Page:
Major commodities traders Cargill and Bunge have been fined by the Brazilian authorities for buying grain from illegally deforested areas in the Cerrado.
The two firms, along with three more traders and dozens of farmers, were fined a total of $29 million by the environmental agency Ibama in May.
The fines were a phase of “Operation Soy Sauce”, that began in April, in which Ibama and federal prosecutors clamped down on illegal land use in the Matopiba region – comprising Maranhão, Tocantins, Piauí and Bahia states – in Brazil’s Cerrado savannah.
By analysing satellite data, Ibama identified clearing in areas of 40 farms that were off-limits. The list of “embargoed” areas is available on Ibama’s website, and a 2008 decree prohibits trade in commodities produced in such areas.
The five traders allegedly purchased 3,000 metric tons of soy and other products from areas illegally deforested, embargoed areas. In its statement announcing the fines, Ibama stated that the illegal deforestation had been financed by the anticipated sale of the grain.
In an email to Climate Advisers in May, Bunge said it disputed the allegations and has contested the fine with Ibama. Bloomberg reported that Cargill is still investigating the matter.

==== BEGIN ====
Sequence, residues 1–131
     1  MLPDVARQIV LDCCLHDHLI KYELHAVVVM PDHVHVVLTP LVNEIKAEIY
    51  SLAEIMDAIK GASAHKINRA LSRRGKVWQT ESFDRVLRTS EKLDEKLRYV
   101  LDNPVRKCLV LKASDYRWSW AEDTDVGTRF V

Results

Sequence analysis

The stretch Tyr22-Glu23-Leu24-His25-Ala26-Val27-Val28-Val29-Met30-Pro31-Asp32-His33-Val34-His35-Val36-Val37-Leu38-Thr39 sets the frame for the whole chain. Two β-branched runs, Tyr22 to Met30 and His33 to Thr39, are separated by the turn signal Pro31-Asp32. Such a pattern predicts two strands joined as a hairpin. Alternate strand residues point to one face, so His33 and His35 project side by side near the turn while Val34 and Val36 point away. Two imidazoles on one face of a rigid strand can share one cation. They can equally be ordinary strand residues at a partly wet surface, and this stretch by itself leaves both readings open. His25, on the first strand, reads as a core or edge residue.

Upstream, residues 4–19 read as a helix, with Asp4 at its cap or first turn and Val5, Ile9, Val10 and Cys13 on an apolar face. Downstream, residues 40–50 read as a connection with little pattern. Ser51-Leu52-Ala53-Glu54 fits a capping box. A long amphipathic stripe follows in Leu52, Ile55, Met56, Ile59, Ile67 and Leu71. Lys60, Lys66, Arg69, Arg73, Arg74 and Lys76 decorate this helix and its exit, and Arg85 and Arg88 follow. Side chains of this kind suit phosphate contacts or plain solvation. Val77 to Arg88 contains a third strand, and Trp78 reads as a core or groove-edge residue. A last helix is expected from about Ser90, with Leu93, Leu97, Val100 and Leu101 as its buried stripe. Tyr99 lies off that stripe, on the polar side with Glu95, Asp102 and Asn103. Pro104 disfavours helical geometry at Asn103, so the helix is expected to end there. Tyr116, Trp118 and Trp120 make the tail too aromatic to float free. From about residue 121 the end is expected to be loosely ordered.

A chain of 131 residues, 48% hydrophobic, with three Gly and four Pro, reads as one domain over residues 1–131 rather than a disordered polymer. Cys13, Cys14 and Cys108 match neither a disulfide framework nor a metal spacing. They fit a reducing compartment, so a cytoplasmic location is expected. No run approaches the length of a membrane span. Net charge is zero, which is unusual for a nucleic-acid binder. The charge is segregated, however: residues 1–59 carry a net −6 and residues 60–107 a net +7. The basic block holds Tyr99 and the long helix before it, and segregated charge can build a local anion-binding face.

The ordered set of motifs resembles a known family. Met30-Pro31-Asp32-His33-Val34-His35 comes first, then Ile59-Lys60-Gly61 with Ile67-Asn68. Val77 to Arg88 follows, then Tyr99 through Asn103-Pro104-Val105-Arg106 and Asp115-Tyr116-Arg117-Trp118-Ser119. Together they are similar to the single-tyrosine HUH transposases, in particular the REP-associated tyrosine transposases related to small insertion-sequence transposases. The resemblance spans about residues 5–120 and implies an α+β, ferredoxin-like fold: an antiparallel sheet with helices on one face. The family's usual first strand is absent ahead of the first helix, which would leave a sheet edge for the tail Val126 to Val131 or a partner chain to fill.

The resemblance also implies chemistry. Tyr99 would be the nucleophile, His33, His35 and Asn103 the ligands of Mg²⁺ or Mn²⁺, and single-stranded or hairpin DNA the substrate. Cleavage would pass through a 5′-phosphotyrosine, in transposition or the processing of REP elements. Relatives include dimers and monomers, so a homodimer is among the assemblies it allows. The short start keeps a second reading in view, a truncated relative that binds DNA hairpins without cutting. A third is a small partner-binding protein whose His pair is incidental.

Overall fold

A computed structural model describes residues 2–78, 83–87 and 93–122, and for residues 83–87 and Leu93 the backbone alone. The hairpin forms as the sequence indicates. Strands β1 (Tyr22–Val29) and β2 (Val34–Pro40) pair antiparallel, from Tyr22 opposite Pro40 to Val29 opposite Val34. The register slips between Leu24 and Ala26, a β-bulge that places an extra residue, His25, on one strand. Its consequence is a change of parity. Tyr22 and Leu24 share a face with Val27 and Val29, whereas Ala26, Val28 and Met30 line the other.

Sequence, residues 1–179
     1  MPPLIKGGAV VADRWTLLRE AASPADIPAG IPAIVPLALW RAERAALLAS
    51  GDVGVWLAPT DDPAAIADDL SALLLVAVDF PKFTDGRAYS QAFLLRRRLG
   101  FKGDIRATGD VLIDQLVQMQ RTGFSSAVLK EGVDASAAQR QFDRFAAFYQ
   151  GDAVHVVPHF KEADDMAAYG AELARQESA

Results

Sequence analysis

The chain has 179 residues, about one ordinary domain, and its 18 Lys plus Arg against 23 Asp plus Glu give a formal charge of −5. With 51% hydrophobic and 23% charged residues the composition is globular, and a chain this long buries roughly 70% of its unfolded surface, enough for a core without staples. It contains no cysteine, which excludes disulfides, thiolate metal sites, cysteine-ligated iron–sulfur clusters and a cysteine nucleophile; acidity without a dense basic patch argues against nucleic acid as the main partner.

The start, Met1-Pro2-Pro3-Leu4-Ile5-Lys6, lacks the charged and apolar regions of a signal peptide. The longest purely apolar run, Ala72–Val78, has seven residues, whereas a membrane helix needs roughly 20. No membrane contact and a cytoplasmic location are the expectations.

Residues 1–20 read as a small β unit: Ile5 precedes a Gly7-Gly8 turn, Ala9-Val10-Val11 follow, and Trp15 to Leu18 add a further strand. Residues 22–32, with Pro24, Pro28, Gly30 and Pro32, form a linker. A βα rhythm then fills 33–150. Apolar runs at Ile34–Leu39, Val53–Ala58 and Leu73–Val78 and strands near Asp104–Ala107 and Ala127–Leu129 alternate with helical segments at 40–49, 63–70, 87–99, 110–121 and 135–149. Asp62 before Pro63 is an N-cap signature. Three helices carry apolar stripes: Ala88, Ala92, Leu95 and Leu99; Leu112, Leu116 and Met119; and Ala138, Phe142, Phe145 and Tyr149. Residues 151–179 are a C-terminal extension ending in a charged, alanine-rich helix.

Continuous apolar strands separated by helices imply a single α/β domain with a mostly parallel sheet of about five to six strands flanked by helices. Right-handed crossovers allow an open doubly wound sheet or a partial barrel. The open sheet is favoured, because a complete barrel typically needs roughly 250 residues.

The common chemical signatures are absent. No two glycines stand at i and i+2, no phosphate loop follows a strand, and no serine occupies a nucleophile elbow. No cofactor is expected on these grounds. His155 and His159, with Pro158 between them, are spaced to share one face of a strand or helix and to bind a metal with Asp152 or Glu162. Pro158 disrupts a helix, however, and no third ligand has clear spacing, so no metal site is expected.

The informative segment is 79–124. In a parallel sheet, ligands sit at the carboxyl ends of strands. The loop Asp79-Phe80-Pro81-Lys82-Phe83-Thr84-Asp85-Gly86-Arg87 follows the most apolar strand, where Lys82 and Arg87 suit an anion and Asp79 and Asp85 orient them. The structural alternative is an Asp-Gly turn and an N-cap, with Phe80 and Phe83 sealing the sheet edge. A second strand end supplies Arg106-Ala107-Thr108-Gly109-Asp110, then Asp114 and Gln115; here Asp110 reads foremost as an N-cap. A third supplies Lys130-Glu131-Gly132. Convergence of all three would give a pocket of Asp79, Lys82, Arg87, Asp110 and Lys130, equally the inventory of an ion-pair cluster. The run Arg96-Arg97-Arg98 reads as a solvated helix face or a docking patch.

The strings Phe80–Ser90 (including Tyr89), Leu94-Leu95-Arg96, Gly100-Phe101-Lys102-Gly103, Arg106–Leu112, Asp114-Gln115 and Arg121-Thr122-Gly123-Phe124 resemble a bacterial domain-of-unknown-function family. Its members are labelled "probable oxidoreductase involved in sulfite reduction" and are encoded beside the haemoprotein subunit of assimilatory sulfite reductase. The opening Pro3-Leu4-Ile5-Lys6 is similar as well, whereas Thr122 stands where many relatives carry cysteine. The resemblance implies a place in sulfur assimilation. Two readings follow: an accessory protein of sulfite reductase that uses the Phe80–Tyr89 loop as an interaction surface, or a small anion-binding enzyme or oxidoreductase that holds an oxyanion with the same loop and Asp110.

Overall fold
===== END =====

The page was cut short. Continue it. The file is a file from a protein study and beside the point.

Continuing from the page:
Dozens of farmers were also fined for illegal deforestation. Bloomberg reported that Brazilian federal prosecutors may pursue legal action to ensure that the traders and farmers repair environmental damage done.
In 2017, a coalition of civil society groups published the Cerrado Manifesto, calling for the private sector to take action to end deforestation in the biome. It notes that since 2013, every two months an area of savannah the size of Greater London has been destroyed.
Since February 2018, 62 of the world’s largest food companies have made a statement of support for the manifesto. The statement says that the “wide gap between tackling ‘illegal’ deforestation and achieving zero net deforestation goals is a cause for major concern.”